(Updated 11/2/2016 - Added Q&A's, component information, and old batttery test data)
Some of the excited 2016 participants!
The Aerospace Engineering department annually sponsors an aircraft design competition. The goal is to encourage involvement in a fun and educational activity.
Competing teams design and build an electric-powered, remote controlled, aircraft to fly a challenging mission. Undergraduate winners get their names on the Bronze Propeller Trophy. The eighth competition will be held in April 2017.
There are three participant categories:
Teams with alumni or graduate members participate in the professional category.
A successful design is well understood and properly developed from the beginning. Don’t let someone create a better overall design than you. Use aerospace engineering principles and methods to win!
Don't be shy. Form a team, build a plane, and fly! Mentors for high school and underclassmen student teams are recommended. Contact Dr. Miller for help finding a mentor.
This year's design competition is for a “Lightweight High-Speed Emergency Relief UAV." The mission profile includes the following:
Competing planes must meet the following requirements and constraints:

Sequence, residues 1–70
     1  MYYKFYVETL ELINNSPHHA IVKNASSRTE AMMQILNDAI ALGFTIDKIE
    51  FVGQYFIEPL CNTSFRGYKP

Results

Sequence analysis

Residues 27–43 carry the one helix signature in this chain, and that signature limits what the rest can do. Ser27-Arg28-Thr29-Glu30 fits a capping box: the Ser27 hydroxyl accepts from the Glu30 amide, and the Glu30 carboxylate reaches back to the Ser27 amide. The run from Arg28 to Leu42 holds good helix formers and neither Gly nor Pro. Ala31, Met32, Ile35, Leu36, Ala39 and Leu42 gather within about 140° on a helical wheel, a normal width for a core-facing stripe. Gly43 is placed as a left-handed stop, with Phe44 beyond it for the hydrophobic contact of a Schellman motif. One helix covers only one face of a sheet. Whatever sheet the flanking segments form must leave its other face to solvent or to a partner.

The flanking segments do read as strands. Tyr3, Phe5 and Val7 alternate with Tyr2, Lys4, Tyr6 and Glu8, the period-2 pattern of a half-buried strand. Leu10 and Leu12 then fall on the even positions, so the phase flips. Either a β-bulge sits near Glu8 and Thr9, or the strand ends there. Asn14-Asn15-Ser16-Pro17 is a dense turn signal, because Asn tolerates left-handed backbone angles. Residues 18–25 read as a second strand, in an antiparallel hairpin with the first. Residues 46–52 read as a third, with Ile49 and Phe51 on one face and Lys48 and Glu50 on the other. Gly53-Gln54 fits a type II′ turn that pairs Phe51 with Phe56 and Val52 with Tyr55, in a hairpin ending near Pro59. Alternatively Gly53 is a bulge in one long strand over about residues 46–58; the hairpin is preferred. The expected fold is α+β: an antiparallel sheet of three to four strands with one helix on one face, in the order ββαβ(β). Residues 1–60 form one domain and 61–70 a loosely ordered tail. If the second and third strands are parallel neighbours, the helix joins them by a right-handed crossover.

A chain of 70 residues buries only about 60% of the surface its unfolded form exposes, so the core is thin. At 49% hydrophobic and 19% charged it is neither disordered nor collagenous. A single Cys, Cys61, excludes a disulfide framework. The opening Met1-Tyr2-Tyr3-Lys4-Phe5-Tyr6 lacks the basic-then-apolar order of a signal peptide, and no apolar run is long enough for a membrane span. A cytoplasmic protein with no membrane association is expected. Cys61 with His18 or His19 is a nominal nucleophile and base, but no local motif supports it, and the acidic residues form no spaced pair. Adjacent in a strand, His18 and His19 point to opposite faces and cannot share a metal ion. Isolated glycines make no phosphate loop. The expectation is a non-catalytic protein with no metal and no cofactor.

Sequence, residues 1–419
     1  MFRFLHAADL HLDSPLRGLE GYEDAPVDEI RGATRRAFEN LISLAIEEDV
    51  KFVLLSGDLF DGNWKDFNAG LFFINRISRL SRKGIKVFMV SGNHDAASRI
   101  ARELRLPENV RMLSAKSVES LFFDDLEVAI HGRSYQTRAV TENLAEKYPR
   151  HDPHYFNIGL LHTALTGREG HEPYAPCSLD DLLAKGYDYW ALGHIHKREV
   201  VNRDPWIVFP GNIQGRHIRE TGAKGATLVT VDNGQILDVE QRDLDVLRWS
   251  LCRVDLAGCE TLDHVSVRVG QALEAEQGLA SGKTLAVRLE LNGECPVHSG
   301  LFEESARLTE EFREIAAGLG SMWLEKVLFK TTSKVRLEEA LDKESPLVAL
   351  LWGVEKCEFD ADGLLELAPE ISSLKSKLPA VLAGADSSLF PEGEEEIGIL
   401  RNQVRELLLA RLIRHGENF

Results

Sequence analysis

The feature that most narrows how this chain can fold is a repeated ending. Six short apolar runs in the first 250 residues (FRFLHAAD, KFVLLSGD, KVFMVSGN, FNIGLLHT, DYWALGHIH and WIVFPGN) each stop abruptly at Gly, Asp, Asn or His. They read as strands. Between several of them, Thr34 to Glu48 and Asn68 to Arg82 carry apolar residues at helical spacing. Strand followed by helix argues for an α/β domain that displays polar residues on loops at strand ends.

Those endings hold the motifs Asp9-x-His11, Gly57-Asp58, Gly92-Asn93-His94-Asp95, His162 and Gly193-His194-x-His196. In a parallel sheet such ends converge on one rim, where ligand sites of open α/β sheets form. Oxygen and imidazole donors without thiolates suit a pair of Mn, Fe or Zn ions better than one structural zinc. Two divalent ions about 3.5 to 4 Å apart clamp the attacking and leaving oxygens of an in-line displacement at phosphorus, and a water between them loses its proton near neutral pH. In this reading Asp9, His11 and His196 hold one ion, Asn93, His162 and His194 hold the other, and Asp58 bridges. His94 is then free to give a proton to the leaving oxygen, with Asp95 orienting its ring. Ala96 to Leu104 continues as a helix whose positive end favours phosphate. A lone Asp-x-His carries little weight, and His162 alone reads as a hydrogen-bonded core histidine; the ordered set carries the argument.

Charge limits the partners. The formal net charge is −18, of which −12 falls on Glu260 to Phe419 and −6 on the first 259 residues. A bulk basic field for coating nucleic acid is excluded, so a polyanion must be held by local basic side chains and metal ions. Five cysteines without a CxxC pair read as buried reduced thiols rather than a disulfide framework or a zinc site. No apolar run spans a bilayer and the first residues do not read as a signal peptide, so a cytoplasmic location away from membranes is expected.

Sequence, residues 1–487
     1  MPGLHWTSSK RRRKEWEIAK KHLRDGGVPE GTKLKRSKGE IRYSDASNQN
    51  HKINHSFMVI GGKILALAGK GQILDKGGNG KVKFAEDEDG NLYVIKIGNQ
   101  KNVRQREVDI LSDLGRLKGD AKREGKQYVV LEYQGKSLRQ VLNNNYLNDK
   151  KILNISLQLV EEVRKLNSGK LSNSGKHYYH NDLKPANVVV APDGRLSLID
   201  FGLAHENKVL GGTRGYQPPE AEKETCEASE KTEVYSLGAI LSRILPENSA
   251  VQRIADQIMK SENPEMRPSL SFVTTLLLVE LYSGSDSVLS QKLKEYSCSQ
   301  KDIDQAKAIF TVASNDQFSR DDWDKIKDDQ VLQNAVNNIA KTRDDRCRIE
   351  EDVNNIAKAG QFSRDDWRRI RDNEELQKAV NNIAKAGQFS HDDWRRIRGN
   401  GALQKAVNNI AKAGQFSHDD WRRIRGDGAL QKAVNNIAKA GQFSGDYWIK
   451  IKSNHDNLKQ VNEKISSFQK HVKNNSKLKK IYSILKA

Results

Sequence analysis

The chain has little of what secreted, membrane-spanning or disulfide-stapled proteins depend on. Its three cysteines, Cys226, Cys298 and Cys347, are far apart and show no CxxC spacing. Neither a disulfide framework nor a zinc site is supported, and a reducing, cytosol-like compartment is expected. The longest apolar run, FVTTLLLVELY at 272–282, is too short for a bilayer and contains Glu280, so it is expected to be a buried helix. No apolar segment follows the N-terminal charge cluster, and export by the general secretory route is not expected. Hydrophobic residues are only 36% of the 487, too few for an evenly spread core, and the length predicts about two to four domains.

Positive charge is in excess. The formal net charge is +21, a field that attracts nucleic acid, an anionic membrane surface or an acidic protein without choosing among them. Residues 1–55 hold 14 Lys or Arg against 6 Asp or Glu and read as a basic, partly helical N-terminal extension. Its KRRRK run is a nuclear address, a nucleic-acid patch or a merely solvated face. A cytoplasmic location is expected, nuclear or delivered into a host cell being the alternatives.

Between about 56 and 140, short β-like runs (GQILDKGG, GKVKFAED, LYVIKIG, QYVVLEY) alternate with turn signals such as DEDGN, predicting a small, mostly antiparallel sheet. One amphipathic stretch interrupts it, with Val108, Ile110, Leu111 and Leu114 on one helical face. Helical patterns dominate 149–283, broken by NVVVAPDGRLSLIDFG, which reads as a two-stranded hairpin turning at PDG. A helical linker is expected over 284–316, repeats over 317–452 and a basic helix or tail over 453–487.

The exact flying location will be announced in the spring. The dimensions are approximately 400x100-ft. Planes are expected to fly within this area at all times. The takeoff, landing, and payload drop zone is in the middle of the course, with turns approximately 300-ft apart. Competition day takeoffs and landings are on grass, not from a prepared hard-surface runway.
The competition mission score (MSCR) is calculated, when successful, using the following equation,
M = (100/MT) + (VR) + (6/CO) + DAS
The Mission Time (MT), in seconds, starts the moment the plane is launched and ends when the plane successfully lands in the designated zone. The value is rounded to the nearest second.
As noted previously, all aircraft components, the battery, and the payload must fit into a rectangular deployment container. The smallest volume container is desired. A related (volume ratio) scoring parameter is given as,
VR = (130/container volume)
The container volume is rounded to the nearest cubic inch.
Vehicle cost is heavily influenced by electronic and control system complexity. As a result, a vehicle complexity/cost scoring parameter is given as:
CO = number of actuators, Electronic Speed Controls (ESCs), & motors utilized
A payload of emergency supplies, simulated by one (1) regulation size/weight tennis ball, must be delivered during the third lap within a roughly 30x30-ft square target zone. A Delivery Accuracy Score (DAS) is defined as follows:
DAS = 1, if the ball settles within the 30x30-ft zone, but outside a 20x20-ft zone
DAS = 2, if the ball settles within the 20x20-ft zone, but outside a 10x10-ft zone
DAS = 5, if the ball lands within the 10x10-ft zone
Balls may land, roll or bounce into a zone. The final resting place determines the score.
The team score is then calculated as,
TSCR = M – S
The team’s best mission score is used in the final TSCR calculation. “S” is the total number of “strikes” incurred by the team during the entire competition. The highest TSCR wins!